Beer Travel: High Country Part II

February 9, 2017, by Kerry McBride
Beer Travel: High Country Part II

Earlier this week, we ran the first part of Kerry McBride's jaunt through the Victorian High Country, calling in on the members of the region's Brewery Trail. Today, she completes the trip at the three remaining breweries.

You can catch up on Part I here.

The team at Bridge Road Brewers doesn't mess around when it comes to promoting the local area. Hanging up on the wall between beer signs and greenery is a series of town bikes you can borrow for free to go exploring around Beechworth.

A collaborative effort between the brewery, a local winery and local fromagerie, it takes away any excuse for keeping your Beechworth exploration restricted solely to what you can see from the comfort of a seat at the bar.

"I think it's a big part of what we do," Bridge Road founder Ben Kraus says.

"We've looked closely at who we collaborate with, and it's often local wineries, local foodies, and local businesses because that's what we're into. It's much easier to do that because it's real – we're not making up a story just to sound good, it's something we really think is important."

In the same way, the brewery's support of local cycling festivals and events come from a place of true passion and interest. A large number of brewery employees are avid cyclists, but Ben may be the most active of all of them.

Ben Kraus, left, hits the bike trails with a workmate

That's not surprising, when you consider that he is potentially one of the most active people, let alone brewers, you'll ever meet. Whether he's working in the brewery, boosting between neighbouring towns on his road bike, or testing out a new mountain bike trail with a few mates, the man never seems to stop moving.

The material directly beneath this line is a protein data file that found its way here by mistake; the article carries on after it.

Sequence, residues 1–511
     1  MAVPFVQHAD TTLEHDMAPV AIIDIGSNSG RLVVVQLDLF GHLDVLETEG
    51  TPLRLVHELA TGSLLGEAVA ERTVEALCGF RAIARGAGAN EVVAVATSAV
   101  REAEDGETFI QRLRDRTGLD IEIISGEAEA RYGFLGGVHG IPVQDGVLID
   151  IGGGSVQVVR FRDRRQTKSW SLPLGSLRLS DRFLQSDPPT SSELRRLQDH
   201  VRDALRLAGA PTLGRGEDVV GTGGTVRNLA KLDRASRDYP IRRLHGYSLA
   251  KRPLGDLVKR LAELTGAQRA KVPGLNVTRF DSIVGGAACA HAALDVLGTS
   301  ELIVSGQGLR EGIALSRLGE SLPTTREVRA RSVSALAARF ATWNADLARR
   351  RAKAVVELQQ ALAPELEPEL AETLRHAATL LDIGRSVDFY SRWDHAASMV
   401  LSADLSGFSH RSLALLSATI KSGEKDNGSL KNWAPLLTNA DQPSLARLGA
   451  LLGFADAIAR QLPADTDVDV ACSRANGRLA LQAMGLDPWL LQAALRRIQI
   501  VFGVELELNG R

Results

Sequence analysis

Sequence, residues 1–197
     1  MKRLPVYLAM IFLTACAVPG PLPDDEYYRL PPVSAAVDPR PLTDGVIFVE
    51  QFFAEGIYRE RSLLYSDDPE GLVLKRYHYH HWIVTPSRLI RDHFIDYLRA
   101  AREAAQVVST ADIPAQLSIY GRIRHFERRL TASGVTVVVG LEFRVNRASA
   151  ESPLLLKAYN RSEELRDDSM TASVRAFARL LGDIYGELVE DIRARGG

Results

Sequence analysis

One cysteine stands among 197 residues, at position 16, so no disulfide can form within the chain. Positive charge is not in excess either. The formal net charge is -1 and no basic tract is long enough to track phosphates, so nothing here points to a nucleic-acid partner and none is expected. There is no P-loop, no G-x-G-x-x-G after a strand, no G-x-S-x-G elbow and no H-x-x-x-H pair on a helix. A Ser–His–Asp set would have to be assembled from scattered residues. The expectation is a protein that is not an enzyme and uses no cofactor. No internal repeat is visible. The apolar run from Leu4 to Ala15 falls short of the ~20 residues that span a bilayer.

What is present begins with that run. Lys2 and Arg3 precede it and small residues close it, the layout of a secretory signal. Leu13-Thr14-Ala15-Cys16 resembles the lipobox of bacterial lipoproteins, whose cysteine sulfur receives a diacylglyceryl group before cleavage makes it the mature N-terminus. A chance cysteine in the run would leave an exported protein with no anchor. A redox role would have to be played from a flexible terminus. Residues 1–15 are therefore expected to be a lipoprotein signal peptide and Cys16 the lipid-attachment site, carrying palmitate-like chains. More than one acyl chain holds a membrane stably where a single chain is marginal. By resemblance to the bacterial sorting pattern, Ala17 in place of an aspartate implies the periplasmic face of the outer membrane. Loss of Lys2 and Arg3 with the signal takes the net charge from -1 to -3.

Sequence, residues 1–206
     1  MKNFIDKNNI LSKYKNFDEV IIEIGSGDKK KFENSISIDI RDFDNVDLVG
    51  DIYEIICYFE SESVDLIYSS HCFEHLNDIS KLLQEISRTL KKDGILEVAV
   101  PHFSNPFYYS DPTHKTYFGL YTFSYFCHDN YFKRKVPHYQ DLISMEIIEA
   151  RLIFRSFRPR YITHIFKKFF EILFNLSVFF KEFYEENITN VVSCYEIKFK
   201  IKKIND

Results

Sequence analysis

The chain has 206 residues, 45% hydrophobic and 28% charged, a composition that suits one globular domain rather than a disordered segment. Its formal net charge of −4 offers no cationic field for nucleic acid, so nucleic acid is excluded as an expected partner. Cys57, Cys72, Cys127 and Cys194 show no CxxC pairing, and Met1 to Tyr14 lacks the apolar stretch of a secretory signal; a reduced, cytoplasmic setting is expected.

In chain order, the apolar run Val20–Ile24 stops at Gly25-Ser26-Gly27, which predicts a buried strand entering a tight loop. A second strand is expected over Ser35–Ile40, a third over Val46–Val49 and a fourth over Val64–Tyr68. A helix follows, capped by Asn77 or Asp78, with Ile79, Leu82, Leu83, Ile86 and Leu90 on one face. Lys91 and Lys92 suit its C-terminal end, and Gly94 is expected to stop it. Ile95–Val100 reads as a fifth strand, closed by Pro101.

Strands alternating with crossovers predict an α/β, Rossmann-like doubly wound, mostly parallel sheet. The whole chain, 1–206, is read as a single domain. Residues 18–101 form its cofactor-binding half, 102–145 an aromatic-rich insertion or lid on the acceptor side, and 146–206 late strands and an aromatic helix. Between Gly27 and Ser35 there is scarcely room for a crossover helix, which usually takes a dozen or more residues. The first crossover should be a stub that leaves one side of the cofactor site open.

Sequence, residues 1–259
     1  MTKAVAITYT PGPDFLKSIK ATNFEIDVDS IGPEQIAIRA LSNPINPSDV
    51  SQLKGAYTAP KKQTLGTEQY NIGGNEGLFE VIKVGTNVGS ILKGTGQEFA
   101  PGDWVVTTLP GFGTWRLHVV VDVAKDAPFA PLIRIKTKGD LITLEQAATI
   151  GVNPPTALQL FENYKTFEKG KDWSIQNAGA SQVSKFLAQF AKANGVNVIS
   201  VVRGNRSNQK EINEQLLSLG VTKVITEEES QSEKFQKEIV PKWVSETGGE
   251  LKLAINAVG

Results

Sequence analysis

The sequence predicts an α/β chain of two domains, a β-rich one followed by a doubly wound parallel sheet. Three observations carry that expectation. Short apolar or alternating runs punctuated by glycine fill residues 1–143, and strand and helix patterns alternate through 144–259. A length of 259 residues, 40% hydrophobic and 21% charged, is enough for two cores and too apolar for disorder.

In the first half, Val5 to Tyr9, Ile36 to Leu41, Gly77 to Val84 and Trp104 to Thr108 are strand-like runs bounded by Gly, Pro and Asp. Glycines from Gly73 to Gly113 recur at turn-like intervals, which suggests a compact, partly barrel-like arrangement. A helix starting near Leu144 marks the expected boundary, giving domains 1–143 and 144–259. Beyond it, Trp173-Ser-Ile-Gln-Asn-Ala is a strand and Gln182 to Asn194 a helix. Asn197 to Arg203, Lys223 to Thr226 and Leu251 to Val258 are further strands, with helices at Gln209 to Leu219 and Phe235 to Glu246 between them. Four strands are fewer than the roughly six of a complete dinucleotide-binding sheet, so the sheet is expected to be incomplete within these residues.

He also, however, seems to opt in thoroughly on the approach to beer you'll find throughout the High Country: beer is there to be enjoyed, preferably at the end of a day on the bike trails or after a couple of hours hiking. Unlike in the beer bars of metropolitan Melbourne or Sydney, conversations about the beers themselves are beside the point. Instead, they simply accompany a life well lived.

In the case of Bridge Road Brewers, the beers accompanying that life are hard not to remark upon. Brews such as their flagship Beechworth Pale Ale and recently reworked Robust Porter are award winners for good reason. But, for visitors and locals alike who find their way to the Beechworth brewery, it’s more than just the beer that makes it worth the trip.

Ben has built up the brewery over the last decade, starting out in his dad’s shed in 2005 and steadily growing into one of Victoria's most prominent breweries. These days, it’s a significantly larger operation, as evidenced by the foeder [a large oak vessel that is being used to ferment 100 percent Brettanomyces beers] sitting in the brewhouse and the large hospitality team serving up beers and bites to a restaurant and beer garden humming with activity.

Ben, like Peter Hull at Sweetwater and Scott Brandon at Bright Brewery, has been involved with the Brewery Trail since the start. For Ben, it's a key way to show that Beechworth and the wider area offers a lot more than simply being close to bike trails.

“We’re lucky in Beechworth that we don’t miss out on too much that you get in Melbourne,” says Ben.